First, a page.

The Middle East has acquired immense strategic value as one of the determining fulcrums in the global balance of power due to its being the world’s largest known storehouse of low-cost energy supplies. The region’s geopolitical importance, the kaleidoscopic nature of politics among its states, the presence of volatile social and political forces within them and the interference of world superpowers all insure that the region will remain a potentially explosive source of tension for years.
Emboldened by its military strength after World War II, Moscow prepared to carve up its southern neighbors. It demanded territorial concessions and control of the Bosporus from Turkey and refused to withdraw from northern Iran, which it had occupied in 1941. Turkey and Iran rebuffed Soviet coercive diplomacy with the support of the United States and became key allies in the American effort to contain Soviet expansion.
The Central Treaty Organization (CENTO) was a defense alliance between Turkey, Iran, Pakistan and Great Britain. Originally named the Baghdad Pact, the name was changed when the Iraqi revolution led Iraq to withdraw in 1959. The United States had observer status in the alliance but was not a party to the treaty. The fall of the shah removed the American shield from Iran, sounded the death knell for the anti-Soviet CENTO alliance and sailed Iran towards new horizons.
Now the same faith is on the road for Turkey. The measureless and injudicious backup given by the occupying power in Iraq — the US government — to the Kurdistan Workers’ Party (PKK) and to Massoud Barzani, the former tribal leader of the Iraqi Kurds and now the so-called leader of the Iraqi Kurdish region.
Turkey, taking into consideration the ongoing assaults by the PKK terrorists in the southeastern regions and the measureless backup given by US government to Iraqi Kurds, has drawn up a new strategic alliance policy that weakens ties with the US and strengthens relations with Iran and Syria, their millennium-long neighbors.
The US has failed to keep its promise to Turkey to confront the PKK. Turkey now feels that it has no choice but to attack the PKK’s sanctuaries in northern Iraq together with Iran.
Iran is also suffering from similar assaults originating from the same terrorist group located in the Kurdish region of northern Iraq under the name of Party for a Free Life in Kurdistan (PJAK).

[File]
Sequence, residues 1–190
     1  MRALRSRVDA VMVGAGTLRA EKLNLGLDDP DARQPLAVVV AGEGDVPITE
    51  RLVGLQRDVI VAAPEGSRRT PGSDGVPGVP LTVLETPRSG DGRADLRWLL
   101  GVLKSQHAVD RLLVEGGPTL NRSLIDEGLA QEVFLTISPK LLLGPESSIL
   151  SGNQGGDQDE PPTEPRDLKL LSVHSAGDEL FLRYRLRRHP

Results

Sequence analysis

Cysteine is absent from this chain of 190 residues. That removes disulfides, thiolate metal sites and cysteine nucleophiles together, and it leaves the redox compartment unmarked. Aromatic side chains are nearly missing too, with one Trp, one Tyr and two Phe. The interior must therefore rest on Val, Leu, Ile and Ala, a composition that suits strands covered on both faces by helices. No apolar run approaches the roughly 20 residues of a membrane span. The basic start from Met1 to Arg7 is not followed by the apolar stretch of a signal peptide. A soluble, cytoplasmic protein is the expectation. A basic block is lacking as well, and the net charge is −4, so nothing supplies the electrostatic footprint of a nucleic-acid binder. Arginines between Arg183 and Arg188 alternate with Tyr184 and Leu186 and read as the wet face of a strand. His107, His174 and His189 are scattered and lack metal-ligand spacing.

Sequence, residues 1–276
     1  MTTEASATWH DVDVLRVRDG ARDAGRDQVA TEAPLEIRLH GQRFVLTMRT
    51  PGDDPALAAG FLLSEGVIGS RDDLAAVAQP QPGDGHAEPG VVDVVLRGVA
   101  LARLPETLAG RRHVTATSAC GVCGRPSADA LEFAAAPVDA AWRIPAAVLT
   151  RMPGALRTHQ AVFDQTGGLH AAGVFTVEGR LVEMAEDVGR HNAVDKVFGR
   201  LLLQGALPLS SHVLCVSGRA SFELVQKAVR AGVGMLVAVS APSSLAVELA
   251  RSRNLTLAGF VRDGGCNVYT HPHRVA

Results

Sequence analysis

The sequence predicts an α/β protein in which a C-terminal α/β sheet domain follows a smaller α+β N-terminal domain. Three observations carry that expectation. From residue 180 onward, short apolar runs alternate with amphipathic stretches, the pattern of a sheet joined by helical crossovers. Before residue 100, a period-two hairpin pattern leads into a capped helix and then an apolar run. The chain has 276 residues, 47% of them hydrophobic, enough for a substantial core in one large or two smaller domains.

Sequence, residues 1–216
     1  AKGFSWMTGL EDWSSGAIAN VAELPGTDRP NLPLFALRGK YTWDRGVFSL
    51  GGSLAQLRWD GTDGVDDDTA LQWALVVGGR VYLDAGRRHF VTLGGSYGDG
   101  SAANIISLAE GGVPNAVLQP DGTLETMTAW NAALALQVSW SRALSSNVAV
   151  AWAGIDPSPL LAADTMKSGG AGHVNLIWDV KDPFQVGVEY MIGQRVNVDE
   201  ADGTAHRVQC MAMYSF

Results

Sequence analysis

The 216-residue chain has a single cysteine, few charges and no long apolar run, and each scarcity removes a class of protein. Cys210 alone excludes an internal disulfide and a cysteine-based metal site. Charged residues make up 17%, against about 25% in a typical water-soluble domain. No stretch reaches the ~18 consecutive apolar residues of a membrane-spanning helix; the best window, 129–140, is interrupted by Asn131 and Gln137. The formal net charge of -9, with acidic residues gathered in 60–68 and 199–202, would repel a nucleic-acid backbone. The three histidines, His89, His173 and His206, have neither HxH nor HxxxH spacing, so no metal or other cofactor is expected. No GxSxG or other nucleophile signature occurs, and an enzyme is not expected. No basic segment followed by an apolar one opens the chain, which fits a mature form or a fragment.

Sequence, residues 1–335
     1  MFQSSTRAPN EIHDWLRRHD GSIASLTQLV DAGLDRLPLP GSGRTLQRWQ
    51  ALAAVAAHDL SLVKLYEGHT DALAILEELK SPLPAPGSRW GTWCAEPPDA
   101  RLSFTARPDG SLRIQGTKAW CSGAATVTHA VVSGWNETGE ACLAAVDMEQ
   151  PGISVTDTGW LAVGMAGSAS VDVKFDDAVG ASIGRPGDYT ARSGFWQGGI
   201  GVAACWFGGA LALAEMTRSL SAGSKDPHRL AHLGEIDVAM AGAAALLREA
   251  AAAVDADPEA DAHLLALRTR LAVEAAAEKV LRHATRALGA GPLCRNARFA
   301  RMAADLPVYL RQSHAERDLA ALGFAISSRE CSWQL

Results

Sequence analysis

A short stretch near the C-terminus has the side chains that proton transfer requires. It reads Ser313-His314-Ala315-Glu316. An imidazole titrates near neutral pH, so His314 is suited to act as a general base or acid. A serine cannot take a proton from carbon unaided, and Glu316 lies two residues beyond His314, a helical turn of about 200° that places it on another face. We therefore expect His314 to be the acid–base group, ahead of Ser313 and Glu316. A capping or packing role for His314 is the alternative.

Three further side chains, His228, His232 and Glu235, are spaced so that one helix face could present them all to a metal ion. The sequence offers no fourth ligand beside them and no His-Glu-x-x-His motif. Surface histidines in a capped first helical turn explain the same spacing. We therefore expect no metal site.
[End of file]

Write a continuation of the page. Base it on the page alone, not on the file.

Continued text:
The US and Iran are increasingly at odds over a range of issues, and Turkey has stood nearby the US as an old and devoted ally for the past 57 years.
Surprisingly, US strategists seem to be pushing Turkey and Iran together to fight against violent Kurdish attacks or into an alliance to fight together against the common enemy in the region at the cost of losing Turkey as a faithful ally. The sympathy of Turkish people towards the US had fallen sharply over the past couple of years, and it will take decades for US to recover it.
It seems it is now mandatory for Turkey and Iran to form a com-mon cooperative ground in regard to common problems and interests. New and stronger cooperative action in the economic field by Turkey and Iran will play a major role in the eradication of the political distrust and concerns between the two countries. The parties have announced an upcoming doubling of the volume of their trade.
Both countries have already agreed on the elimination of the main source of discord: support for each other’s separatist and oppositional organizations. Iran has committed to adding the PKK to its list of “terrorist organizations.” Turkey has done the same concerning the Iranian group “Mojahedin Halk.”
The second stage is the escalation of high-level cooperation be-tween Turkey, Iran and Syria and this is moving forward, as well.
Aversion to American global policy, in particular to the actions of the US in Iraq, the common allies of Syria and Iran, and also shared economic interests, will lead to the merging of the political strategies of Russia and Turkey. Countries that were previously historical opponents will turn into partners in the creation of a new Eurasian coalition.
The final effect of the region’s aversion to American policies will be the formation of the “union of four:” Russia, Turkey, Iran and Syria. Of course, this rapprochement between Ankara, Moscow, Damascus and Teheran will definitely affect Washington’s position in the Middle East.